Thursday, September 6, 2012

#BlogElul 19: Beginnings {Guest Post}

I decided that I would invite friends to do a "guest post" here on Ima on and off the Bima during BlogElul. There were quite a few motivations - 1) writing daily posts on two blogs - whew! 2) encouraging non-bloggers or new bloggers to "get out there" and just do it and 3) to hear from other people! So I hope you enjoy them - there are a number of guest posts coming up in the next two weeks! Yay!

Today's post comes from Rabbi Dan Plotkin. Dan is one of my oldest and dearest friends, we have known each other since we were babies! (We are also step-fourth-cousins-in-law or something like that. Aren't we all related!?) He is the director of education at a congregation in Columbia, MD. He is married to the wonderful Rachel and they have two adorable little boys. Welcome, Dan!

Elul is an end.  It is the end of the Jewish year, it is the end of the summer, it is the end of our sacred cycle of our holy days.  But if it were only an end, there would be little meaning to it.  The great meaning of this month and this season comes from the fact that it is time to prepare for a new beginning.  We take this time for Heshbon Nefesh, our self-accounting, but the purpose is not to simply wrap up last year in a pretty (or not so pretty) little bow as if it were our taxes or a annual family album.  The purpose of our Heshbon Nefesh is to prepare for our new beginning on Rosh HaShanah.  We consider ways to right those things in our life that are wrong and to build on all the good we have done.

The fall is often seen as a time of ending, especially for those of us in more northern climates.  But we see how many beginnings there are as well.   A new school year offers the promise of renewed learning for our children and hopefully for ourselves as well; a new football season gives us hope that maybe, just maybe this will be our team’s year (offer void in Minnesota); this new year for us as Jews allows us that same new beginning.  

Elul is a chance to prepare to begin again in all our relationships.  In our relationship with others, we can apologize for wrongs we have done and forgive those done to us (or even apologize for failing to forgive).  With those closest to us we have the opportunity to renew our commitment to those relationships and be the best spouse, parent, sibling, child or friend that we can be.  As we turn our thoughts toward the sacred meaning of the upcoming days, we can consider how to begin again with our relationship with God through finding mizvot that speak to our hearts and committing ourselves anew.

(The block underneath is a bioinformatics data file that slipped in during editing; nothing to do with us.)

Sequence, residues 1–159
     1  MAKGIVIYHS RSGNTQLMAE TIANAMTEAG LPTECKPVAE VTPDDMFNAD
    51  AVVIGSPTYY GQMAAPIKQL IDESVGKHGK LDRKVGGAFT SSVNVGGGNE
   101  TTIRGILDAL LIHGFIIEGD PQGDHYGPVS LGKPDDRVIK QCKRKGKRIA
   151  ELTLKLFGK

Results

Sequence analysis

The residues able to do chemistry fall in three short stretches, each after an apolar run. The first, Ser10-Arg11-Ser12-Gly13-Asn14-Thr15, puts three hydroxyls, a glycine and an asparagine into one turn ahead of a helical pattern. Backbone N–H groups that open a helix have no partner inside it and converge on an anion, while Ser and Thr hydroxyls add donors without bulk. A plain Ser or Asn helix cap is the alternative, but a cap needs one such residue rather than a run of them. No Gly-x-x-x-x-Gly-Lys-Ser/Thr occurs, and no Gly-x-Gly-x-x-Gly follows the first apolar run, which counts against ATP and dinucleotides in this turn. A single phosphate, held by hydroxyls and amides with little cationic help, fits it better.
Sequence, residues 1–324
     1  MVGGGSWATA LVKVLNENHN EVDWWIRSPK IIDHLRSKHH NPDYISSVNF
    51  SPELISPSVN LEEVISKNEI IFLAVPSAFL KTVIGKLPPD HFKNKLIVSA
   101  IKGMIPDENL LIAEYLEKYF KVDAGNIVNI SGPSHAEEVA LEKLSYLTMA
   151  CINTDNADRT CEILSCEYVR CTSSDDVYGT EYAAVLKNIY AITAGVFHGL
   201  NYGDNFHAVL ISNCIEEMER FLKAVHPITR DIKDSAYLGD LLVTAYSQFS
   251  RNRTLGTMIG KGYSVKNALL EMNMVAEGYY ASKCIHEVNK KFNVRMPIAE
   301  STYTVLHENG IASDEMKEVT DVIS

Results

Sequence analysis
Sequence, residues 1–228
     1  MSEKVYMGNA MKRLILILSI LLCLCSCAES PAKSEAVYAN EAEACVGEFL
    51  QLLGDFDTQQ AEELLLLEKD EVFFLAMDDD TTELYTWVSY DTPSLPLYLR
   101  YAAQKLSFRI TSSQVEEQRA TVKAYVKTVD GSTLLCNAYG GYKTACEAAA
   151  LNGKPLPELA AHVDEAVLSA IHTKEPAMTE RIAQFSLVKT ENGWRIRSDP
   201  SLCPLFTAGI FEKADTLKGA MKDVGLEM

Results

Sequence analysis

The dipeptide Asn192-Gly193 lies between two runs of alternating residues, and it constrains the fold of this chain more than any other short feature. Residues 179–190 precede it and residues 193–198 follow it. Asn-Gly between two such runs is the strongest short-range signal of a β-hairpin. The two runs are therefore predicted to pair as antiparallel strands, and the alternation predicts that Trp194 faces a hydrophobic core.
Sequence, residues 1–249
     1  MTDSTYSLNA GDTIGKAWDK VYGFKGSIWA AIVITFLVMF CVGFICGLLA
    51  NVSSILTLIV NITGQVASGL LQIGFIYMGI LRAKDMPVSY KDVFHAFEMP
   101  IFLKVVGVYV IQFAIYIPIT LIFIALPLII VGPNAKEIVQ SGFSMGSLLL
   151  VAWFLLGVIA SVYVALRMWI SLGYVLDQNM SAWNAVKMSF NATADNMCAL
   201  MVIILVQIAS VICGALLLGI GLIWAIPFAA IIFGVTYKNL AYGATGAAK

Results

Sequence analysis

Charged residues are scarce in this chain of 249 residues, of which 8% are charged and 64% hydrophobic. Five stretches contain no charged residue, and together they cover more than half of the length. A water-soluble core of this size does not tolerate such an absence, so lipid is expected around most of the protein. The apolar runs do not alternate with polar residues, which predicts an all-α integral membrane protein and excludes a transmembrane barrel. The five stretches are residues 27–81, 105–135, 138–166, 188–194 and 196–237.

More than any other relationship, we can begin again with ourselves.  Self-forgiveness is often the toughest.  But as we begin a new cycle of our year we can let go of those self-resentments, the regrets for things done or for that which we did not do but should have done.  When we pledge ourselves to begin anew with our own actions and attitudes that is something over which we can be in full control.  We can say no to the negative habits of the past and embrace positive patterns and habits moving forward.

Elul is our time to be ready for a new beginning.  It is an amazing gift from God that this new beginning comes to us each year.  May each of us use this gift to its fullest potential so that all of our new beginnings will lead to amazing ends.

The Jewish month of Elul, which precedes the High Holy Days, is traditionally a time of renewal and reflection. It offers a chance for spiritual preparation for the Days of Awe. It is traditional to begin one’s preparation for the High Holy Days during this month with the Selichot, the prayers of forgiveness. We look to begin the year with a clean slate, starting anew, refreshed. All month, along with others, I'll be blogging a thought or two for each day to help with the month of preparation... I will be blogging here, and sharing #Elulgram photos on the same themes at Follow me on twitter @imabima for all the #BlogElul posts, not only mine but others' as well! 

Leave your blog Elul post in the linky below!

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